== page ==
Originally Posted by Sherrylynn59
Regarding your deep litter, I worry about the smell in my coop. My thinking - if they smell their droppings all the time, they'll get sick. I CAN smell the droppings in the morning, so I clean (just the droppings) out brooder boxes daily, and clean the area under their roost about twice/week. I see that the straw breaks down, and we simply put more straw on top. After about 6 wks, I take all the dirty stuff out to the garden and put fresh straw in. We have pine shavings, but I haven't used them on the floor yet. Just don't think about it. We don't have any dampness coming in, and ventilation is better when I have the ramp door to the pen opened (which I do in the morning). I have insulation in the roof rafters to keep the draft and wind out. I don't know if I need to open the coop up a little more? How do you know if you have enough ventilation? Should I take some of the insulation out of the rafters? It's not packed in tight, but does cut down on the air flow through the coop (to help keep it a little warmer).
I agree with Talkalittle...remove that insulation and let the fresh air flow. It's not the cold that causes problems but that moisture.
As for the deep litter, there are two kinds....deep bedding, that gets cleaned out occasionally like you do yours and there's deep litter, that is an ongoing, digesting type of litter that is never fully cleaned out but a portion is removed at times when it is fully composted and room is needed for the making of more. The first kind, deep bedding, is the kind that tends to stink and cause more ammonia smells, while the digesting/composting deep litter produces very little smell at all....you can pick it up and hold it right to your nose and you'll smell leaf mold/soil/humus smell. It never gets dirty, just turns to dirt, so it doesn't need removed to get rid of a smell.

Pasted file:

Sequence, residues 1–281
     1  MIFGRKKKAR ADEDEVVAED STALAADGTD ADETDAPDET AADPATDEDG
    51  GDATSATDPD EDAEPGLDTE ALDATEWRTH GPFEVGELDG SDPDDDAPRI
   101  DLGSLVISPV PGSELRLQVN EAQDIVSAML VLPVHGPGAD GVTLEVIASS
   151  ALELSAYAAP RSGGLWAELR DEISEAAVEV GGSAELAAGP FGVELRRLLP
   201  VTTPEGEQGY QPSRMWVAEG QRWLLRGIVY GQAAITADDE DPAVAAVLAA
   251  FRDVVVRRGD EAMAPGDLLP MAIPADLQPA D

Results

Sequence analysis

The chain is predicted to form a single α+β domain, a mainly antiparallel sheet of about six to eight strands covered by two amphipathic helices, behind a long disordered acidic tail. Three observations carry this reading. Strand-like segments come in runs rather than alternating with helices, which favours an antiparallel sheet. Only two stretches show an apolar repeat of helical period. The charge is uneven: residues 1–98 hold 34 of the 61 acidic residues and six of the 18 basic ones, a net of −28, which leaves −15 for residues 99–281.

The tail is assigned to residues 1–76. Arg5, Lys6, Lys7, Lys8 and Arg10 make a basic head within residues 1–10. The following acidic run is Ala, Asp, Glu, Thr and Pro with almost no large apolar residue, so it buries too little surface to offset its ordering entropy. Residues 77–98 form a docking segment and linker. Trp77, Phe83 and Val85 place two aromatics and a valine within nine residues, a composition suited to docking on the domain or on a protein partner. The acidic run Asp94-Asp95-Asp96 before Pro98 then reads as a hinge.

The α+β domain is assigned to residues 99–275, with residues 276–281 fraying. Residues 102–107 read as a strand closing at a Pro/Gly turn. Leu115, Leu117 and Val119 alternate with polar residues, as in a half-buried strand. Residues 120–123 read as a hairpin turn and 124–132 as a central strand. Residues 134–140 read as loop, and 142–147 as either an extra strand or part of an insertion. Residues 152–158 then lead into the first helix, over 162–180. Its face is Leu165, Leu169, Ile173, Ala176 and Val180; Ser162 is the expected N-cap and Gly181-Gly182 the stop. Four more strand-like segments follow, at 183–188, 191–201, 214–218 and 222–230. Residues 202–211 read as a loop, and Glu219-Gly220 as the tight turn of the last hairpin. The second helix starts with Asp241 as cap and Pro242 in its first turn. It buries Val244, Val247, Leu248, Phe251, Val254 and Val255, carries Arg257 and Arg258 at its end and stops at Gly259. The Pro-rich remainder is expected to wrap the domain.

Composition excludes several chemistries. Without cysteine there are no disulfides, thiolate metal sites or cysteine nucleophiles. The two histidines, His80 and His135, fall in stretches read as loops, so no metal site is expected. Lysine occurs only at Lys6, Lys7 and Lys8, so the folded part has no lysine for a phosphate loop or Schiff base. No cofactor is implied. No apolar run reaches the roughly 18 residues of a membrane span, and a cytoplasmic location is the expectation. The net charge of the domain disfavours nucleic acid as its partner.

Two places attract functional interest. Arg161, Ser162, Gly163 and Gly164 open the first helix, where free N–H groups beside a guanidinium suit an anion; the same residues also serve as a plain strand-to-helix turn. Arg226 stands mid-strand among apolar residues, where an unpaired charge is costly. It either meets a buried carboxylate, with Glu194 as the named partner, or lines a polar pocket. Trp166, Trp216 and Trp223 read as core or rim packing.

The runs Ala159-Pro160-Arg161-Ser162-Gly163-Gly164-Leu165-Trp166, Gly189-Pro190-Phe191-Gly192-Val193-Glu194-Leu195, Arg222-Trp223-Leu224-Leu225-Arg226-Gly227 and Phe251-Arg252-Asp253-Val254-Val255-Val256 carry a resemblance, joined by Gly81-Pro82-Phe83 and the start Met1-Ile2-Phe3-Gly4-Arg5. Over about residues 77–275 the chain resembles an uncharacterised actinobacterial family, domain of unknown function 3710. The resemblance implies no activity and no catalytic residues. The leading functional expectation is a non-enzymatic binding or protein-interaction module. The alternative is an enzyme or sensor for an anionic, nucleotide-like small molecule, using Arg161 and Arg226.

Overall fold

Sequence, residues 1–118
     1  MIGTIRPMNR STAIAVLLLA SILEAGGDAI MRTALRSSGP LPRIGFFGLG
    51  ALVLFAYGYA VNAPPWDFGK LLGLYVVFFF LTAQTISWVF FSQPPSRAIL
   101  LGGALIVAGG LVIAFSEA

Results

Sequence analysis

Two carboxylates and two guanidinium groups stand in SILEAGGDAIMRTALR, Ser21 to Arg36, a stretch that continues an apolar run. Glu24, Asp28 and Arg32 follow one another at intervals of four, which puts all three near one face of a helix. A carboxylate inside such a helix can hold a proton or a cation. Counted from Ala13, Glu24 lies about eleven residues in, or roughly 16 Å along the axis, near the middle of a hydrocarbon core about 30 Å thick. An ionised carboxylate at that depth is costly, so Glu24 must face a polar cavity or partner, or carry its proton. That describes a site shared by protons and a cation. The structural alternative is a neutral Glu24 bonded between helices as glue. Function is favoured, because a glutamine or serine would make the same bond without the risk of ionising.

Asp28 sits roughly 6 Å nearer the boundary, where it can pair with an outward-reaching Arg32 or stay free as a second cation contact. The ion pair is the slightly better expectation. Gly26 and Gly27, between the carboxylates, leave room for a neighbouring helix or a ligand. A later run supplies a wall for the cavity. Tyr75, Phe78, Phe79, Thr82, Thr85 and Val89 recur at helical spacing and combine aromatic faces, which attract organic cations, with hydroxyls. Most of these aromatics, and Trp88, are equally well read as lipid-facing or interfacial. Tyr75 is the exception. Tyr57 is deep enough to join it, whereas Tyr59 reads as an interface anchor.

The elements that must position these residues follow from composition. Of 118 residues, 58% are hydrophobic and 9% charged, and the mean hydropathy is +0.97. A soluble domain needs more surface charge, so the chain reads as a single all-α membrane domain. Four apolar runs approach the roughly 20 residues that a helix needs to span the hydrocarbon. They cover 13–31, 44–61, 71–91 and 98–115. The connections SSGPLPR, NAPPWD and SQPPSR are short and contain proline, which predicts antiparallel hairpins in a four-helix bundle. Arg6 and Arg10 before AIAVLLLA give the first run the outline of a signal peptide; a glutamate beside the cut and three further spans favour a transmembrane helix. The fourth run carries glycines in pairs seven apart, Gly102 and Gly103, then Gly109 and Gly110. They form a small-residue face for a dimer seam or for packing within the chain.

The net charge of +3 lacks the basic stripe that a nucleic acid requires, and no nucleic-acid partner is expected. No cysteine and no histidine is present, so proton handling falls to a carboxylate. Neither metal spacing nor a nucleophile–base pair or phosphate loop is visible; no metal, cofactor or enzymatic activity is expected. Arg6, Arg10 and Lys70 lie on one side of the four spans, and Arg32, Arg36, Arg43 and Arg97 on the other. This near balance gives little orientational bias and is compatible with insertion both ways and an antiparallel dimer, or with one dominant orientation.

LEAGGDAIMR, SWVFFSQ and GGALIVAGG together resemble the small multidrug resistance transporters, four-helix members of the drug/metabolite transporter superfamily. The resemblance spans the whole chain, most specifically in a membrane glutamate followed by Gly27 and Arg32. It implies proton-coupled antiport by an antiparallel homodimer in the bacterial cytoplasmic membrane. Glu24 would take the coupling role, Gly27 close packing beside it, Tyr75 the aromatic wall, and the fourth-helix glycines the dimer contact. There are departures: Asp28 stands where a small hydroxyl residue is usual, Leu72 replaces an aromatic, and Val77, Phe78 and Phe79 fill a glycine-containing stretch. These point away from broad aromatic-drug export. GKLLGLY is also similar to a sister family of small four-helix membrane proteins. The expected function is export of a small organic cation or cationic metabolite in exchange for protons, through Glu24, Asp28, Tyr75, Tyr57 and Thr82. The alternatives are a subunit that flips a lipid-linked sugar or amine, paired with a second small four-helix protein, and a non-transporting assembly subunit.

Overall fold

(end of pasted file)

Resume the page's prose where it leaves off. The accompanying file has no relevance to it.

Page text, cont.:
With both kinds, the ventilation needs to be plentiful and adjustable, both down low and up high and, in the summer time, it helps if you have ventilation at all levels, if you want to avoid ammonia smells. Avoiding the use of pine shavings or straw will also help you avoid high ammonia smells...they don't absorb well and take a long while to break down unless they are very, very moist, so they aren't my first choice for coop bedding. When I stopped using pine shavings I started to see what composting litter was all about...how clean the coop smells all the time!
Here's what I do in the morning to droppings....take a small pitchfork and flip dry bedding from the front of the coop over the feces under the roosts at the back of the coop. That caps the moisture, any smell of feces and also removes the chance for flies to find the poop. Placing it under the dry bedding makes for dry footing for the birds, keeps the poop down in the middle of the digesting mass of litter where bugs and microbial life can start the digesting process. I don't stir that area, I don't encourage the chickens to scratch there and I just keep layering in the poop with dry material.
Slowly but surely that stuff sinks downward, reducing in mass, turning to soil....the chickens work the edges of that area now and again and, eventually, that soil gets worked to the front of the coop where I remove it.....
Goes in like this.....
Comes out like this....sweet smelling all the way through that whole process. It's all about the materials used, how and where you trap your moisture and how much good ventilation you have. I haven't seen a fly in my coop in 4 years now, nor does my coop even smell like a coop.